Saint Gregory Palamas (Nov 14th) and Saint Paisius Velichkovsky (Nov 15th)

Icon - Gregory PalamasBefore considering St. Gregory and St. Paisius we should look at the Jesus Prayer, a form of prayer which influenced them and which they influenced. In its longer form it is “Lord Jesus Christ, Son of God, have mercy on me a sinner.” It can be shortened to “Lord Jesus Christ, Son of God, have mercy on me” or “Lord Jesus Christ, have mercy on me” or finally “Lord have mercy”, which we is what we sing at the Divine Liturgy. For those of us living in the world, clergy and laity alike, can pray it by sitting or standing in one’s icon corner at home and repeating it five, ten or fifteen minutes. The time doesn’t matter, as long as one prays with attention and devotion, that is enough. It can also be repeated at such random moments as waiting for a train, being stuck in traffic, while walking and so on. It is also useful in fighting temptation, if we repeat it even as “Lord have mercy” before we speak or act. The whole culture of the Jesus prayer is theology and practice is referred to as hesychasm. This is from the Greek work for silence.
St. Gregory Palamas was born into a noble family in Constantinople in 1296 AD.  In 1318 he became a monk on Mount Athos when he learned the traditions of hesychasm. With the aggressive action of the Turks, St. Gregory was forced to flee Athos to Thessalonica where he was ordained to the priesthood. He then returned to Mt. Athos in 1331. Six years later, at the request of the Athonite monks, he entered into conflict with Barlaam, and Italo-Greek monk. Barlaam said that philosophers had a better knowledge of God than the monks. For Barlaam, education and scholarship were the best way to know God. However, he believed that God was unlimited, unknowable for human beings. St. Gregory taught that monks had a greater knowledge of God because they had seen or heard Him. He said that God was indeed unknowable in His essence, but is knowable though his energies, which refer to God’s activities in the created world and humanity. St. Gregory wrote several books defending the theory and practice of hesychasm (the Jesus Prayer) and his teaching was vindicated by church councils in Constantinople. In later life, St. Gregory became Archbishop of Thessalonica and spent a year as a captive of the Turks. He died in 1368.
Much of the teaching of the hesychasts are contained in a series of books known in Greek as the Philokalia, meaning “the love of the beautiful or good.” It contains teaching on prayer from fathers of the church from the fourth to fifteenth centuries. It was first published in Greek in 1782 by Saints Nikodemos and Makarius on Mount Athos. It was translated into Church Slavonic by St. Paisius Velichkovsky and published in 1793. This was the book carried by the pilgrim in “The Way of the Pilgrim” and influenced the elders at Optina Monastery and throughout the whole Russian Orthodox Church. It was translated and published in Russian in the second half of the 19th century and published in English in the 20th century. It is said that the Philokalia is the most important book in the Orthodox Church after the Bible. However, its style and context arose in radically different times than our own so simply picking it up and trying to read it straight through is difficult. It is very helpful to read it with the guidance of someone, often a monk or nun who are steeped in it spiritually. There are also abridged editions with commentary which can help us to understand it.Icon - st-paisus-velichkovsky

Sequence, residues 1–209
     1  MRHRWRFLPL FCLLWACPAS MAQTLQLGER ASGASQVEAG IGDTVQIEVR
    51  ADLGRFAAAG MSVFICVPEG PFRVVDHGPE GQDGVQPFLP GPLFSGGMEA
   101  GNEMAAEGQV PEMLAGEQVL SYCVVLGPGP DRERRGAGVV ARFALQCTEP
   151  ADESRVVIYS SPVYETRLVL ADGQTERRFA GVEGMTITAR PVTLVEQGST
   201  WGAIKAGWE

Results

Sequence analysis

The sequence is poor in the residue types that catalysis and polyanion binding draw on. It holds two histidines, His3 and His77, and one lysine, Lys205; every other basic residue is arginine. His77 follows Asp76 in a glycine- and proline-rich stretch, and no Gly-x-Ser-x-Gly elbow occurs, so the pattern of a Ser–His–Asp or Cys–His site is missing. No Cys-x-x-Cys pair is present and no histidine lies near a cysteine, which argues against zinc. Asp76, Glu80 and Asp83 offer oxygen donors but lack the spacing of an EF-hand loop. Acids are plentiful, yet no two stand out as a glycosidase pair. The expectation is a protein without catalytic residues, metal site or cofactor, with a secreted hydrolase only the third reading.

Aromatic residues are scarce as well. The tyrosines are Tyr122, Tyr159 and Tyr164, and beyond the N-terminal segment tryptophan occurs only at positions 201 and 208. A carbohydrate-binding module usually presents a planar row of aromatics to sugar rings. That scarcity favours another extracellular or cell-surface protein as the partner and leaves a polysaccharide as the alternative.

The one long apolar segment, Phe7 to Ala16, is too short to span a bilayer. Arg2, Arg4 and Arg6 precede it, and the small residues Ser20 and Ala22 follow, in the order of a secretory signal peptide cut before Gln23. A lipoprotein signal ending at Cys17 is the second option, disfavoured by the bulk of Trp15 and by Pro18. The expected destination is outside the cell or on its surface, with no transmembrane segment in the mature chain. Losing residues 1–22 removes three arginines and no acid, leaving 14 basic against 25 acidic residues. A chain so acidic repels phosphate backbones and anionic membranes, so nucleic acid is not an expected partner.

As mentioned above, St. Paisius was the one who translated the Philokalia into Slavonic. St. Paisius was born in Poltava in 1722 and as a teenager entered the Kiev Theological Academy. Leaving the academy to become a monk, he eventually made his way to Mt. Athos. He gathered many disciples around him. After 17 years on Mt. Athos he and his fellow monks moved to Moldavia. Finally, St. Paisius and his brotherhood moved to a monastery in Niametz. This became a large monastery with over 700 monks. They maintained a hospital and house of mercy.
At this monastery St Paisius and his monks translated many books including the Philokalia into Slavonic and other languages. As befitting a translator of the Philokalia, St. Paisius revived and taught hesychast spirituality and the Jesus Prayer. St. Paisius’s translation and his practice of the Jesus Prayer led to a revival of this spirituality and influenced many monks and monasteries in the years to come. St. Paisius died in 1794.

St Gregory Palamas the Archbishop of Thessalonica – Troparion & Kontakion

Troparion — Tone 8

O light of Orthodoxy, teacher of the Church, its confirmation, O ideal of monks and invincible champion of theologians, O wonder-working Gregory, glory of Thessalonica and preacher of grace, always intercede before the Lord that our souls may be saved.

Kontakion — Tone 8

Holy and divine instrument of wisdom, joyful trumpet of theology, together we sing our praises, O God-inspired Gregory. Since you now stand before the Original Mind, guide our minds to Him, O Father, so that we may sing to you: “Rejoice, preacher of grace.”

Venerable Paisius Velichkovsky – Troparion & Kontakion

Troparion — Tone 2

Having become a stranger on earth, you reached the heavenly homeland, venerable Father Paisius. You taught the faithful to lift up their minds to God, crying out to Him with all their hearts: “Lord Jesus Christ, Son of God, have mercy on me a sinner!”

Kontakion — Tone 8

Like a much-laboring bee, you were an elect zealot of the monastic life, supplying our souls with the writings of the Fathers through which you guide us on the path of salvation. Therefore we cry out to you: “Rejoice, truly-wise Paisius, for through you the tradition of spiritual elders has been restored to us!”

Fr. John